- By the like reason their deposition also pertains to this kind of assembly, as of them that teach erroneous and corrupt doctrine; that are of scandalous life, and, after admonition, desist not; that are given to schism or rebellion against the kirk, manifest blasphemy, simony, corruption of bribes, falsehood, perjury, whoredom, theft, drunkenness, fighting worthy of punishment by the law, usury, dancing, infamy, and all others that deserve separation from the kirk. These also who are found altogether insufficient to execute their charge should be deposed; whereof other kirks would be advertised, that they receive not the persons deposed.
- Yet they ought not to be deposed who, through age, sickness, or other accidents, become unmeet to do their office; in the which case their honour should remain to them, their kirk should maintain them; and others ought to be provided to do their office.
- Provincial assemblies we call lawful conventions of the pastors, doctors, and other elders of a province, gathered for the common affairs of the kirks thereof; which also may be called the conference of the kirk and brethren.
- These assemblies are instituted for weighty matters, to be treated by mutual consent and assistance of the brethren within the provinces, as needs requires.
- This assembly has power to handle, order, and redress all things omitted, or done amiss, in the particular assemblies. It has power to depose the office-bearers of that province for good and just causes deserving deprivation. And, generally, these assemblies have the whole power of the particular elderships whereof they are collected.
- The national assembly, which is general to us, is a lawful convention of the whole kirks of the realm or nation where it is used and gathered for the common affairs of the kirk; and may be called the general eldership of the whole kirk within the realm. None are subject to repair to this assembly to vote but ecclesiastical persons, to such a number as shall be thought good by the same assembly; not excluding other persons that will repair to the said assembly to propose, hear, and reason.
- This assembly is instituted, that all things either omitted or done amiss in the provincial assemblies may be redressed and handled; and things generally serving for the weal of the whole body of the kirk within the realm may be foreseen, treated, and set forth to God's glory.
- It should take care that kirks be planted where they are not planted. It should prescribe the rule how the other two kinds of assemblies should proceed in all things.
- This assembly should take heed that the spiritual jurisdiction and the civil be not confounded to the hurt of the kirk; that the patrimony of the kirk be not diminished nor abused; and, generally, concerning all weighty affairs that concern the weal and good order of the whole kirks of the realm, it ought to interpose authority thereto.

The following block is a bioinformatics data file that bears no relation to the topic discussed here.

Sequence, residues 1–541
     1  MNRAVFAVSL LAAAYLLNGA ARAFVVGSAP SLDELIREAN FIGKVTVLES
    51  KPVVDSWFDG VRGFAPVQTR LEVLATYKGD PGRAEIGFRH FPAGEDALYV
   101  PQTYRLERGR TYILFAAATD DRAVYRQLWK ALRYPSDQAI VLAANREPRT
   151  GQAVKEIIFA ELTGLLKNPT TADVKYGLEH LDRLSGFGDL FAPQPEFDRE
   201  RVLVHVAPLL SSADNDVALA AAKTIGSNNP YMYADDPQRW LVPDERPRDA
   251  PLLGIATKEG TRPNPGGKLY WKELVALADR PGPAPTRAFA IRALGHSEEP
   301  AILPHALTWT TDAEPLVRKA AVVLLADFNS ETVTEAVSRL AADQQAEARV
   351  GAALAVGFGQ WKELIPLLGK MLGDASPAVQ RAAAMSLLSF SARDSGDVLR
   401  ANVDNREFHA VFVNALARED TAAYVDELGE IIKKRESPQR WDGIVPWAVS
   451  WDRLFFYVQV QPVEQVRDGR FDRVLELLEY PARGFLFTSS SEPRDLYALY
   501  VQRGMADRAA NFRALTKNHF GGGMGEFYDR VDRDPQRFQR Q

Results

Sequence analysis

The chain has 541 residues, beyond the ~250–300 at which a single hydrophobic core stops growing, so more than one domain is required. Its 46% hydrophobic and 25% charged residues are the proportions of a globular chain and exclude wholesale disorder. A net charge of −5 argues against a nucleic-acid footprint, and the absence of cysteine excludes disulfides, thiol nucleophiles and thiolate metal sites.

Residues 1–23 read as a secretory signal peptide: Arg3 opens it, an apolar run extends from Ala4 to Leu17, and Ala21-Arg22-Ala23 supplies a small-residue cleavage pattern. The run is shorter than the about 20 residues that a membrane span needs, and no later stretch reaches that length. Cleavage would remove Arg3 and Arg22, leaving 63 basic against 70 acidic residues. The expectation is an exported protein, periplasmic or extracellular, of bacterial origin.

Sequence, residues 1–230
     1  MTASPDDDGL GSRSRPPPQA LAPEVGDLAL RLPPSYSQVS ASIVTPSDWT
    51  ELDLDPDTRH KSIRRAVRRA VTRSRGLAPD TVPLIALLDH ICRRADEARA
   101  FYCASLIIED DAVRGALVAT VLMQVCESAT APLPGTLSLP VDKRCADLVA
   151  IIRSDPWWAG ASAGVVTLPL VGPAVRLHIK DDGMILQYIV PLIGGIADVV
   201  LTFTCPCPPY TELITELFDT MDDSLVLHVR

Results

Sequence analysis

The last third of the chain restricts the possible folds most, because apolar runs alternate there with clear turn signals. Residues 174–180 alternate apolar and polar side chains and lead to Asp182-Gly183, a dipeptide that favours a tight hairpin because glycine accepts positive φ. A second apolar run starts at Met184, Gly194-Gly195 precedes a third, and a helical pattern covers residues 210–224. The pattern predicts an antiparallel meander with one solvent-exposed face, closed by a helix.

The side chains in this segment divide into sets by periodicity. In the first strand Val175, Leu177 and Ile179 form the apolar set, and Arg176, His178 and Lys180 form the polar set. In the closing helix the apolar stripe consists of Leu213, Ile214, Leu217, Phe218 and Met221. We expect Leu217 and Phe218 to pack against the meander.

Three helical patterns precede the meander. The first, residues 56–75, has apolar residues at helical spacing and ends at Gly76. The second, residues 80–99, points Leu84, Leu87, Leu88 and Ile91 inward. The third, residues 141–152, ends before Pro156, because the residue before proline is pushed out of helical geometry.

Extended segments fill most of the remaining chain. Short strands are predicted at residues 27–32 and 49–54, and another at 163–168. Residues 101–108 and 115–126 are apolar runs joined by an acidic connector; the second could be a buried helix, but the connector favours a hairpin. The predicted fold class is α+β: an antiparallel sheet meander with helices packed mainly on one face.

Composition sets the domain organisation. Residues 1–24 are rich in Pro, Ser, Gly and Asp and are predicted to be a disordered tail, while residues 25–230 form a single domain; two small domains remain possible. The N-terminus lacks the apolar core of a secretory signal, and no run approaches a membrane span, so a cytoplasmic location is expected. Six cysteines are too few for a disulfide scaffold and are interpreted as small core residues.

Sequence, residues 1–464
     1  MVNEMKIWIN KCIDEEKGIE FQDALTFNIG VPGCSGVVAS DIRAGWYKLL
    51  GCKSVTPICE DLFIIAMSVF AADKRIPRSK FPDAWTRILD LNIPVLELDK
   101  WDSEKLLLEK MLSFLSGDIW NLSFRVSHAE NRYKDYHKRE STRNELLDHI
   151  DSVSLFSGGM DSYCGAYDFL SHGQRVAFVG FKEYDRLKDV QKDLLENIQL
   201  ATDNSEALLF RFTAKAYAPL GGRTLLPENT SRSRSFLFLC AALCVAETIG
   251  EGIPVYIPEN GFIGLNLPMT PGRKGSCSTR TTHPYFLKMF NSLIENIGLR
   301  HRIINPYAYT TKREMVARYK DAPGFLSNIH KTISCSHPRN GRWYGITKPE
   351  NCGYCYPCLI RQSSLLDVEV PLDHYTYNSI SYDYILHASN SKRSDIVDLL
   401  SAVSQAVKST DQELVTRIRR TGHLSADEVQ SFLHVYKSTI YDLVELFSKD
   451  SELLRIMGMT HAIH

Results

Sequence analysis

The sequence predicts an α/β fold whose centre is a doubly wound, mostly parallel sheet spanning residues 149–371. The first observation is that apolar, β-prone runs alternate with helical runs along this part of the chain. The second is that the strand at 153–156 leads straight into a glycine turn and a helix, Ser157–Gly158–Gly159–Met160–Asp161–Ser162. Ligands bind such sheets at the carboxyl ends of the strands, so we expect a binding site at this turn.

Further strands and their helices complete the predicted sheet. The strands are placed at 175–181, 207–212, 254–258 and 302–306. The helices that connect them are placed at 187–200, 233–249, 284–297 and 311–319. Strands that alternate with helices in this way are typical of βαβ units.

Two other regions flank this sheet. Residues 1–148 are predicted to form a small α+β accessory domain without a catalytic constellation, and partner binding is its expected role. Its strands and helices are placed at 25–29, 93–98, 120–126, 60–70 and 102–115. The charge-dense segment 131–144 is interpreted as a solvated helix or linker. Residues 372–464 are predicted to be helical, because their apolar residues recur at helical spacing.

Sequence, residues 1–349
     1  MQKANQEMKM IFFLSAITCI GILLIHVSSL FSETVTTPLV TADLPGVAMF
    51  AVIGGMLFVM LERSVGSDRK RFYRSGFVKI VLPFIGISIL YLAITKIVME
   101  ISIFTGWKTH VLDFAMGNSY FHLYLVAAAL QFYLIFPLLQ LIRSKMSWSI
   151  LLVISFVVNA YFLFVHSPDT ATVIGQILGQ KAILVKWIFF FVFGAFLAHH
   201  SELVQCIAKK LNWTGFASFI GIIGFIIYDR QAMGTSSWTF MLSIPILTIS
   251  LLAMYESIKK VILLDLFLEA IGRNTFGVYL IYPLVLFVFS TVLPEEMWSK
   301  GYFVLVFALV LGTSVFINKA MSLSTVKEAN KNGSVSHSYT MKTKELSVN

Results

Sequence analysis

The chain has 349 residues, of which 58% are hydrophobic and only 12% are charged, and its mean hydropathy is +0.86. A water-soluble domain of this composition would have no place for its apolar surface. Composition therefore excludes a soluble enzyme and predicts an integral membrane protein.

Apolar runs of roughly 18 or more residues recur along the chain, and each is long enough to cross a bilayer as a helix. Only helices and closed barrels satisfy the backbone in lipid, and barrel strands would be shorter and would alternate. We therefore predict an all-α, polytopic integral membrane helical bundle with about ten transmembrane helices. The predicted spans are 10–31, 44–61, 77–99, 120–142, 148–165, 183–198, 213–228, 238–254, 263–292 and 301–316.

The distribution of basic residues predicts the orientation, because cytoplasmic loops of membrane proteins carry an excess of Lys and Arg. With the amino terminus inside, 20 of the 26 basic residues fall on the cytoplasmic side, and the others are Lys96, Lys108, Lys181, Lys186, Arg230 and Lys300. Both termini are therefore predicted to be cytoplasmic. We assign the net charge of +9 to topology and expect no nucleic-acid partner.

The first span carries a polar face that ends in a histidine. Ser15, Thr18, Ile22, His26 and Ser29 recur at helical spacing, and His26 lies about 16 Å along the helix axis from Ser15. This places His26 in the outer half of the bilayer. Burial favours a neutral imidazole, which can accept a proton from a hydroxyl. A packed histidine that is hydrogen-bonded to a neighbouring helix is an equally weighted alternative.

- There is, besides these, another more general kind of assembly, which is of all nations and estates of persons within the kirk, representing the universal kirk of Christ; which may be called properly the general assembly, or general council of the whole kirk of God. These assemblies were appointed and called together specially, when any great schism or controversy in doctrine did arise in the kirk, and were convoked at the command of godly emperors, being for the time, for avoiding of schisms within the universal kirk of God; which, because they appertain not to the particular estate of one realm, we cease further to speak of them.
Did you try to find your denomination plus another one in there? Hopefully you noticed that it is impossible. This outline does not have any room for multiple de jure denominations. That is because presbyterianism has no room for multiple de jure denominations. The idea of there being multiple de jure denominations is not presbyterian but semi-congregationalist in nature. Multiple denominations don't fit because the church courts of different denominations are independent from each other, while presbyterianism does not allow for independent church courts in the visible church. Also, different denominations usually have somewhat different standards of doctrine and practice. And yet presbyterianism requires that purity of faith and practice be preserved by the eldership of the church. Sessions keep local congregations pure, presbyteries keep churches under them pure, national assemblies keep churches under them pure, and ecumenical or general international assemblies keep national churches under them pure. This system does not allow for purity to be kept only at the presbytery level or the national level while divergence from purity is tolerated beyond it.
If we want to be presbyterian in the manner of the Second Book of Discipline, we are going to have to rethink much of what we do in the modern Reformed world.
For more, see here and here.